A small touchscreen status LCD on the back switches between still and video modes with a swipe. Below the LCD sits a covered compartment with the microSD slot and USB connector. There's also a pinhole reset switch, which came in handy when the camera froze on me. You can't pull the built-in battery to reset.
The accompanying app offers full manual controls, including the ability to stop down the aperture from f1.8 to f11, though you'll find usual full auto and program scene modes as well. You can set shutter speeds from 15 seconds to 1/8,000 sec.
DxO is planning a firmware update by the end of November to add a bunch of features it lacks: a burst mode (8fps for 2.5 seconds); an electronic level; video selfies; and an EXIF metadata overlay.
Saying the One's photo quality is significantly better than the iPhone 6 Plus' is true, but it's also an unfair comparison: the One's a full-featured camera with a bigger sensor and faster f1.8 lens with a physical aperture that you can vary for real control over sharpness zones. The company says that in good light the photos are about the same, but that's only if you only plan on viewing them on the iPhone screen. Even on an iPad I think they're much better, if only because the higher resolution -- 20 megapixels vs. the iSight camera's 8MP -- provides more detail and the One's color and exposure are tons better.
The better comparison is against other cameras with 1-inch sensors, since you can always connect those to your phone or tablet via Wi-Fi as an alternate solution, and you can use them standalone without shooting blind.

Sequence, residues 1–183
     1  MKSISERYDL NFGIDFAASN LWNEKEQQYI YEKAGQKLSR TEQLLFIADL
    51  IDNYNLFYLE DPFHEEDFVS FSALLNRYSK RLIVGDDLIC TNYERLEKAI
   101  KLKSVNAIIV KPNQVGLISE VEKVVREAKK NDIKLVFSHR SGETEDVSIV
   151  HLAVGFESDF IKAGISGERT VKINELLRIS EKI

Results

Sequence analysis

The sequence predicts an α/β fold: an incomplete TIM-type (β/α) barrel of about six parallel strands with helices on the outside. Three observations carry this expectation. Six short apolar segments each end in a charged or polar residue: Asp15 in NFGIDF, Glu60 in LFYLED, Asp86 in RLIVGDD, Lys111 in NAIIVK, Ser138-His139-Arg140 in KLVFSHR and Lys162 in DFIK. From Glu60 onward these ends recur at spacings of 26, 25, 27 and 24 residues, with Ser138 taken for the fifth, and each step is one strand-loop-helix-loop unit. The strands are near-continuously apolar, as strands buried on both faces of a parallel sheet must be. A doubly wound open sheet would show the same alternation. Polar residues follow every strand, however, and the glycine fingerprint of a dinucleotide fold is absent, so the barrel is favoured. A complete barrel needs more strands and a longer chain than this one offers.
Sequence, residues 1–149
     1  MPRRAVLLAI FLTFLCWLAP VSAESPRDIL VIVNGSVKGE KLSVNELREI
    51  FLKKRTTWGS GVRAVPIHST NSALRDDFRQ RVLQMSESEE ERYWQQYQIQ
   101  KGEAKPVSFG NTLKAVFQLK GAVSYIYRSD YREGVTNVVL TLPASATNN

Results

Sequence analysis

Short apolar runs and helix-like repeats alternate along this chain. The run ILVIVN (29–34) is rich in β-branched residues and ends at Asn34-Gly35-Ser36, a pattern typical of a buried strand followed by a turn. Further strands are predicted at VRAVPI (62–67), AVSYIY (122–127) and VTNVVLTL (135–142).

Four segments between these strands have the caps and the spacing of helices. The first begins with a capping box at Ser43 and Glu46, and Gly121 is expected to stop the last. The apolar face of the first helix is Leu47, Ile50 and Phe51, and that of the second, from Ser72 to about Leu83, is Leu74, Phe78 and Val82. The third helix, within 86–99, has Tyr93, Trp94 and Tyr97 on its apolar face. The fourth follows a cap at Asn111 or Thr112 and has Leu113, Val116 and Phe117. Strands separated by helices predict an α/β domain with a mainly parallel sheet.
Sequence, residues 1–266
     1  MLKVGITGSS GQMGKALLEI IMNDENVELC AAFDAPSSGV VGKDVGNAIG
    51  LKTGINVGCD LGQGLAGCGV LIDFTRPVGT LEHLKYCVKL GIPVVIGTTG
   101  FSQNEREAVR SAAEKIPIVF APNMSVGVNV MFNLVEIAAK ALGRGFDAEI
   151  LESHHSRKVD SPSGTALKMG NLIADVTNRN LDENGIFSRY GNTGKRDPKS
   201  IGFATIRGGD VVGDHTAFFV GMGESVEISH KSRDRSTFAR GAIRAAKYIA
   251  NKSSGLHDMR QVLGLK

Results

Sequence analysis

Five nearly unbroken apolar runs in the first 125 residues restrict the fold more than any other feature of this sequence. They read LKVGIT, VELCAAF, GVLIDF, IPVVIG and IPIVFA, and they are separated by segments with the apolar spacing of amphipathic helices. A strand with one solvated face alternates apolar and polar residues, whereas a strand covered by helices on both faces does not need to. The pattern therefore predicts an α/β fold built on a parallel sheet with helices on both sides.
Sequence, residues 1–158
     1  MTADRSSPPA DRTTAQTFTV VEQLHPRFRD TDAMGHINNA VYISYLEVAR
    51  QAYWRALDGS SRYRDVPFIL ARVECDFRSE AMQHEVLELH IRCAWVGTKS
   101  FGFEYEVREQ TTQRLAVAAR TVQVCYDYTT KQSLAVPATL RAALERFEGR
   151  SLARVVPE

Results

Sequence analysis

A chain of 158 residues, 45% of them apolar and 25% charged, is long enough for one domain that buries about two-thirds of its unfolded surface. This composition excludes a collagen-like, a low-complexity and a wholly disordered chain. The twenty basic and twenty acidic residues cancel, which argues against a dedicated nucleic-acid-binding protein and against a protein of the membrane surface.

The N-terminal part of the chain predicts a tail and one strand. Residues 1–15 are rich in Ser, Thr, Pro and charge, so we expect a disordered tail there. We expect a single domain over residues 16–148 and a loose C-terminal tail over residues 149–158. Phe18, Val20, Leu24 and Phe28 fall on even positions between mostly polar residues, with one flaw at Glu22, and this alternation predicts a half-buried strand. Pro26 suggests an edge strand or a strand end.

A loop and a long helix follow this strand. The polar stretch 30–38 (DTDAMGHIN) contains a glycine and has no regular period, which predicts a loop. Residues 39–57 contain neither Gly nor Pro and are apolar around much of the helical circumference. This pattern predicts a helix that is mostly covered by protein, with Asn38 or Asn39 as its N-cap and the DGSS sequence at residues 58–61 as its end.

Relative to cameras like the Sony RX100 series or the One produces somewhat better in-camera JPEGs, most notably because it has much better color reproduction. Its JPEGs look clean, sharp and noise-free up through ISO 800; ISO 1600 looks slightly soft, and by ISO 3200 details degrade and noise grain starts to become noticeable, and photos viewed at full size start to take on that painting-like appearance. In the expanded ISO sensitivity range -- ISO 25600 and ISO 51200 -- in-camera JPEGs look extremely noisy with blotchy color patches. Even shots in good light at those settings look bad.
One thing to keep in mind is that no 1-inch sensor cameras even try to hit those two settings; they stop at ISO 12800. So if you need very low-light shots that will be viewed small, or need the shot more than you need it to be pristine, the One's are okay. But DxO actually stretches up there for use in conjunction with its SuperRaw format.
While you get an in-camera JPEG when shooting in SuperRaw, when you connect the camera to a computer it transfers the proprietary .DXO files then processes them in software, creating another set of JPEGs with higher-quality noise reduction that requires full computing power to run. (Note to the space conscious: the .DXO files are 80MB.)
The low-light results from SuperRaw processing look somewhat better than out-of-camera JPEGs from other cameras, but the default JPEGs look a little worse, as if the One doesn't have enough power to do as good a job as a standalone camera.